Johannesburg - Don Laka is celebrating 50 years of a game-changing legacy as an author, history scholar, composer, musician and producer.
The composer-pianist-producer expressed sentiments of nostalgia and pride at an illustrious career that has helped to preserve the memories of South African music.
Laka’s journey can be heard through a vast discography which includes various styles, collaborators and genres.
However, he believes that not even his music can tell you all there is to know and what makes his brain tick.
“There are many faces of Don.
“There have been so many phases of my life, that even my whole discography could not fully cover who I am because there are songs that I didn’t include in many albums,” he said.
To do any appropriate justice to Laka’s legacy, one would have to pick out a few of the golden moments which have come to trace the continuum of his career.
One such moment is the fateful day he recorded his first single, in 1972.
Not too far away from future collaborators Ladysmith Black Mambazo.
“When it was almost impossible to walk into a studio and make a record.
“Somebody had to come and scout for you, but I didn’t wait for that.
“I raised my head, entered places to make people notice me,” Laka said.
“It was a defining moment for me because it showed that I could open the door for myself.
“What could I then do at the forefront?”
Young as he was then, Laka wouldn’t have realised how much of a revolutionary he would become in the South African musical milieu.
He could not foretell that he would have that Midas je ne sais quoi touch when it came to music composition and production.
So destined was he that the album he aptly titled “Destiny” (1997), would propel him to stardom, help revitalise the local jazz scene, and give him his first gold plaque (10 000 copies sold)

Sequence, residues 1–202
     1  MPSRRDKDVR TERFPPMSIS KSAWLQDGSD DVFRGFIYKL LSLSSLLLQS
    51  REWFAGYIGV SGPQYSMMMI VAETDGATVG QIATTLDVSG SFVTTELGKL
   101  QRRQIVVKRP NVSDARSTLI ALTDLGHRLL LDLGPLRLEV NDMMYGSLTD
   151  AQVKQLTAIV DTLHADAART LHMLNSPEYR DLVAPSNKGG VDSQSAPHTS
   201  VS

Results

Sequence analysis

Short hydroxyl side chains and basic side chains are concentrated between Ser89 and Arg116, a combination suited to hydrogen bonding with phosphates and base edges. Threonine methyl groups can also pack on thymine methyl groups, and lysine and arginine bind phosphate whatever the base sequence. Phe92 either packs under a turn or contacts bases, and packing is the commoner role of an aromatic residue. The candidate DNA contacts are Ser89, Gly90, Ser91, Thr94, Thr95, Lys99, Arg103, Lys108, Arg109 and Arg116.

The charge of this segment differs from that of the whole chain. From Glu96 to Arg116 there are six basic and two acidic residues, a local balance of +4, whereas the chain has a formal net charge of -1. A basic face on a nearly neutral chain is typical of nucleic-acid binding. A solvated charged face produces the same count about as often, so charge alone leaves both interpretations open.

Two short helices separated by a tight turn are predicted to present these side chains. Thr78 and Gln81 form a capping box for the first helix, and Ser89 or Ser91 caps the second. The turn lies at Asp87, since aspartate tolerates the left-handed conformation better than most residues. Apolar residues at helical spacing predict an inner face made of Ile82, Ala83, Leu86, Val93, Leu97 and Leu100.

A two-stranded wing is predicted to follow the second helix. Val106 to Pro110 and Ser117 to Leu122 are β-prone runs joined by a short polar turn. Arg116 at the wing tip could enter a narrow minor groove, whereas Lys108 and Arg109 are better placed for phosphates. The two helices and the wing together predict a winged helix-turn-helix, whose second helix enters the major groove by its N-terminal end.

The growth of his artistry turned him into a vigorous pioneer and a much-revered figure in the music field, and served to widen his national fan base within the country.
He is one-third of the brains that created Kalawa Jazmee record label in 1994, alongside DJ Christos (Katsaitis) and DJ Oskido (Oscar Mdlongwa).
It grew to become the country’s most successful black-owned label and reflects the contribution of Don Laka — blending sounds, and voices from our music history and artists marking their name in our history.
It gave us Brothers of Peace, Boom Shaka and Mafikizolo, who helped exemplify Kwaito and house music during the early 2000s.
The record label’s legacy reaches into the careers of younger artists DJs Maphorisa and Zinhle, vocalist Busiswa Gqulu and now-disbanded house duo Black Motion.
“Some of the biggest names in the country went through our hands,” said Laka, noting this moment that pushed him further down the production rabbit hole of the seldom-seen production desk.
The producer-bug can be viewed as one of the defining themes of Laka’s time honoured music career - and of course, his lifetime across and beyond seminal moments of time under the sun.
His well-trained ear for music gave us the songs celebrated today that were viewed as risky- to-record during his rise as a producer in the 1980s.
This quality is evident in how Laka blended African jazz and classical music in his 2015 “Afro Chopin” album.
His 2020 offering “Uno Mundo” is a masterful creation that united different remnants of the world’s sounds, and shared stories of patience, celebration and unity.
“It portrays the journey that I’ve travelled with music.
“From the US, to Brazil, to Europe and around Africa.
“It’s an important, proud album of mine.
“I used it as a reflection of my work, of where I’ve been.
“It shares my love for the world and my love for people, the best way I know how to,” he said.
To Laka, creating songs with sounds he knew fundamentally and instruments inspired by his travels, is what he reckoned to be a blessing in disguise.
It reflects his expansive artistry and the hunger to experiment with the unique sound of South African music in a blend with the musical heritage of other countries whose varying cultures have shaped his idea of the world, and therefore, of music.
For Laka, song-writing is not often the difficult part of creation, the intricacy of the subject.
“People will always write a legacy about your career. What matters is what you do with your career that’s worth writing about.”